August 24, 2021
Welcome back to the Mercury Ecommerce Newsletter.
This month, we’re exploring advertising strategies in a post-iOS 14 world. We hope you find it helpful.
Apple recently rolled out new privacy features with their latest iOS 14 updates, resulting in less transparency into the effectiveness of paid advertising campaigns across major ad platforms like Facebook.
The result: Ecommerce brands are incurring higher overall ad costs. If you’re running paid ads for your store, this article will help you navigate the change.
What you need to know: Apple’s App Tracking Transparency feature requires apps to get a user’s permission before tracking their data across other apps or websites. This means apps will no longer be able to pass along certain information for detailed ad targeting and conversion results if they do not have permission from users. Brands selling in the U.S. are the most heavily impacted, since half of the country’s total population uses an iPhone.
The good: The move by Apple addresses growing concerns about privacy and protection for online consumers.
The bad: Ecommerce brands that, for the better part of the last decade, have relied heavily on ad platforms like Facebook to drive paid growth and ensure effective conversion measurement, are now finding themselves in new and unfamiliar territory, requiring them to adapt quickly to ensure their advertising remains profitable.
We spoke with Ben Matteucci and Brennan Zielinski from the award-winning team at ZIMA Marketing about the changes the iOS 14 updates bring, and their new strategies for running profitable paid ad campaigns.
"If you can start making business decisions based on a database that you own, no one will ever be able to take that away from you, no matter what regulations are put in place."
-Ben Matteucci, ZIMA Marketing
Ben: Clients were generally panicked about how the updates were going to affect their businesses. There was uncertainty around whether they could continue to remain profitable through online ads, to the point where people were looking at selling off products or reinventing their business models.
Brennan: The biggest problem many of our clients are facing is tracking. We’ve been innovating on that front by using third party tools so we’re not relying on Facebook or Google to make sure the ads we’re running are leading to sales.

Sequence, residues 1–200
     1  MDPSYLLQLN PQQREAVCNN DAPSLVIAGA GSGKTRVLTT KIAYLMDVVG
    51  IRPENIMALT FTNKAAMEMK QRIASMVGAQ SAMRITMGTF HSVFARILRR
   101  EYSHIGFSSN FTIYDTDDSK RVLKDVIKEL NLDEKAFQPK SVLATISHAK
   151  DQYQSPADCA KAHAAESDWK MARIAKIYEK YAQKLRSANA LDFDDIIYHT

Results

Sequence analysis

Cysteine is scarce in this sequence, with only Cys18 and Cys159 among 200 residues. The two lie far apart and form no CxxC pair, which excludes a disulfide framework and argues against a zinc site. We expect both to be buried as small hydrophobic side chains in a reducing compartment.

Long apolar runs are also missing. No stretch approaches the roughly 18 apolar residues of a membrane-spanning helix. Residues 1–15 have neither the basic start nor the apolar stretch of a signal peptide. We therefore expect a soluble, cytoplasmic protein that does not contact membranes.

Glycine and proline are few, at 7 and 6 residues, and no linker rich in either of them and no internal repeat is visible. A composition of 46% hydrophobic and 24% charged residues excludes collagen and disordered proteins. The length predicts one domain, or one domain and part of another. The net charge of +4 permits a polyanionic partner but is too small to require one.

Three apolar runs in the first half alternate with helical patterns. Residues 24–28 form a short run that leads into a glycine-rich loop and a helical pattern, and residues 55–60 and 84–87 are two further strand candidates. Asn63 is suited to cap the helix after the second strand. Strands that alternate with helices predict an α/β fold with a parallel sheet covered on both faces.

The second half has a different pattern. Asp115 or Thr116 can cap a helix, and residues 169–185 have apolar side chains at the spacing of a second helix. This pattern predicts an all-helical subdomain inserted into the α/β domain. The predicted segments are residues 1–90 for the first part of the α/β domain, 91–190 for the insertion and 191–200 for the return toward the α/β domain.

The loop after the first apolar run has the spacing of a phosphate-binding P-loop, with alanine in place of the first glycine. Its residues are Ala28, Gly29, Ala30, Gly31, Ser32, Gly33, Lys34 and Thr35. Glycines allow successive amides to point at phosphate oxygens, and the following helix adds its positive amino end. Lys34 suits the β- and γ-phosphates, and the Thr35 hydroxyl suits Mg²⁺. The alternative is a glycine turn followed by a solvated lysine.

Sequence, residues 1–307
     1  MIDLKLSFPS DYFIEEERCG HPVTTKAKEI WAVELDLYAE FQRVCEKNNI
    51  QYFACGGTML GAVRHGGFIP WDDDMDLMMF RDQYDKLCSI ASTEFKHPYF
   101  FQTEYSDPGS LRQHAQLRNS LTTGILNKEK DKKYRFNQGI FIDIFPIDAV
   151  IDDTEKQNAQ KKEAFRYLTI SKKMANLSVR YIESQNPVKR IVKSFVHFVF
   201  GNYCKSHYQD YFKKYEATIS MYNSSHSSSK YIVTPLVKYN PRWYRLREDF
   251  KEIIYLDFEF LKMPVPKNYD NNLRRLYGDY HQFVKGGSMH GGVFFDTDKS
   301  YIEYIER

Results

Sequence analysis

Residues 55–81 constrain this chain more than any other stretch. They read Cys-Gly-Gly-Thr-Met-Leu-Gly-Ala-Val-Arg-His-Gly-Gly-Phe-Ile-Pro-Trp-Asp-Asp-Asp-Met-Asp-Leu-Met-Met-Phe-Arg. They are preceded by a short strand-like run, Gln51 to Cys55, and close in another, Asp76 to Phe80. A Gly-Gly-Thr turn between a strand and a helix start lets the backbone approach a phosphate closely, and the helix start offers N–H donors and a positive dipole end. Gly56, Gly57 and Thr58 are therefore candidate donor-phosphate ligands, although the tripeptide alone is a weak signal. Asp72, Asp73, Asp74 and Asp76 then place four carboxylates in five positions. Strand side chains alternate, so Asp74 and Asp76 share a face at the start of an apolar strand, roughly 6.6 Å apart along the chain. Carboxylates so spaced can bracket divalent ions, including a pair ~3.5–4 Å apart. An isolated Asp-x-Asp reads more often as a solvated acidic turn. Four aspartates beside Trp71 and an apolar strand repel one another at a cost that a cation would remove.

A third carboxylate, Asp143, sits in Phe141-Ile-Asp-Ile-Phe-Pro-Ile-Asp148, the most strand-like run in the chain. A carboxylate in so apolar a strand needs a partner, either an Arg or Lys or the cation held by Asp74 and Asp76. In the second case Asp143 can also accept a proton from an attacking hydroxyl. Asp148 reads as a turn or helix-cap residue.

Brennan: Advertisers shouldn’t abandon Facebook, but they should keep an open mind to other platforms. We recently asked a client who was using Google Ads if they would be open to ads on Bing, and they agreed. Two months later, we tripled the budget allocated toward Bing because we’ve seen great results. You never know until you test it.
Ben: These updates also don’t mean Facebook is no longer a useful platform, but brands who continue using it should make creativity a priority. Any ad that evokes emotion has been timelessly successful on any platform, whether digital or on a billboard. We recommend trying out new formats, like video, which are people’s favorite way to engage with ads.
Ben: The iOS 14 update shows us how important it is for brands to own their customers’ data, and we’re seeing more companies switching their priorities to building those databases. If you can make business decisions and connect with customers using a database you own, no one will ever be able to take that away from you, no matter what regulations are put in place.
Brennan: There are a few things brands can do to improve Facebook campaigns and build customer databases:
Ben: We’ve also found success with targeting campaigns on Android users, or those without an iPhone. That’s a way to be effective right out of the gate. Brand awareness campaigns are also really important: the more people see your brand, the more likely they are to purchase from you when they’re given a choice. You can win big by continuously staying in front of them in a way they remember, because it takes time for people to make decisions.
Ben: A small business coffee client recently came to us, previously having the most success with conversion campaigns offering 50% off a bag of coffee. In our view, you need to build value before providing a discount, because as a standalone it suggests the product doesn’t have much value. By shooting an in-studio coffee taste test that was funny, quirky, with people from a variety of backgrounds telling us what they thought about the product, we generated a 1000% return on investment within the first three weeks of running it. The objective was to build up an email list and re-market to those people.
Brennan: Instead of advertising, entertain. It’s not really an ad if people enjoy watching or interacting with it. If it’s a piece of content they fall in love with they will want to buy your product.
Ben: Be creative and try new things. The people making millions of dollars in ecommerce sales are continuously testing. If we have something that’s working really well, we’ll always tweak it a little. Sometimes it doesn’t work, but other times it ends up increasing results dramatically. Look at it like an investing portfolio: your core tactics should help you reliably achieve your goals, but a small amount of your budget should be allocated to trying new things.
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The Mercury Team